As shown in FIG. 1A, the load 2 typically comprises a transformer T1, half bridge rectifier, capacitor, and PWM inverter. It is well known in the art that the voltage reflected to the primary winding of the transformer T1 alternates between substantially constant positive and negative magnitudes.
FIG. 2 depicts exemplary load voltage VLOAD and resonant current IR waveforms produced in a half bridge series resonant converter operating at about 70 Khz with a bus voltage VBUS of 120 V and an alternating load voltage VLOAD of 47.6 V. The waveforms depicted in FIGS. 2-4 and the following description of the operation of the HBSRC ignore the presence of the filter capacitor CIN and power factor correction circuitry, since, as discussed below, a goal of the present invention is to avoid the use of these elements.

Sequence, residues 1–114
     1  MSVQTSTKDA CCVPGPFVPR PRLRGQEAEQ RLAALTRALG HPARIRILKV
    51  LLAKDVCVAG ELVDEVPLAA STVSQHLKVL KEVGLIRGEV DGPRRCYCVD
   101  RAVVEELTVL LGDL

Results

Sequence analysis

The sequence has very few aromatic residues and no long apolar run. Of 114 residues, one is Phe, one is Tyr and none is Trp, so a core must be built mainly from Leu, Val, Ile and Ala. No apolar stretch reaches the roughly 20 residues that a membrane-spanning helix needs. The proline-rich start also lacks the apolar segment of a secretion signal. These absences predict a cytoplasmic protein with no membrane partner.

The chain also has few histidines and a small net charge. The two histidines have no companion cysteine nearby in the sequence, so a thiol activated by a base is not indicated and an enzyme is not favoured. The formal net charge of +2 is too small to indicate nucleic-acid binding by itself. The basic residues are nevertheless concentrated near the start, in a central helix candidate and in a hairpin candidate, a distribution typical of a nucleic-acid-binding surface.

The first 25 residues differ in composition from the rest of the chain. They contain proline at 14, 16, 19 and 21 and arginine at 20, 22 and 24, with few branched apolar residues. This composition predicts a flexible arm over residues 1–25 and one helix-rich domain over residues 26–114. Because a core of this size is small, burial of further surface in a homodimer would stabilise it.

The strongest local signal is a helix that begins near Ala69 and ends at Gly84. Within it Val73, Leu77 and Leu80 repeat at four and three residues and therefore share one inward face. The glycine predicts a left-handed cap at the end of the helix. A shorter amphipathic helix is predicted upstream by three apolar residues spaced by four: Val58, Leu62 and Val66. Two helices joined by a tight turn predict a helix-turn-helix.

Assume that initially the voltage VCR at a node between the two resonant capacitors CR is zero and the gate signals G1, G2 are low. When gate signal G1 is driven high by the control circuit 1, current from the high side of the bus 6 flows through transistor Q1, to the left through the load 2 (i.e., through the primary winding of the transformer T1), through the series resonant inductor LRS, and into the resonant capacitors CR. When VBUS equals 120 V, the resonant current IR reaches its peak when the voltage VCR is approximately 70 V and the voltage across the resonant inductor LRS is approximately zero. The resonant inductor LRS causes the current IR to continue to flow into the resonant capacitors CR until the voltage VCR reaches a peak of approximately 140 V relative to the low side of the bus 6' and 50 V relative to the high side of the bus 6. Reference numeral 10 in FIG. 2 designates the time in the cycle at which IR is at its peak and reference numeral 12 designates the time at which IR is zero; the zero crossing time 12 is also the time at which the voltage VCR is at its peak of approximately 140 V. (The circuit operation is like that of a child's swing in the sense that the current IR is analogous to the velocity of the swing and the voltage VCR -VBUS is analogous to the gravitational force acting on the swing.)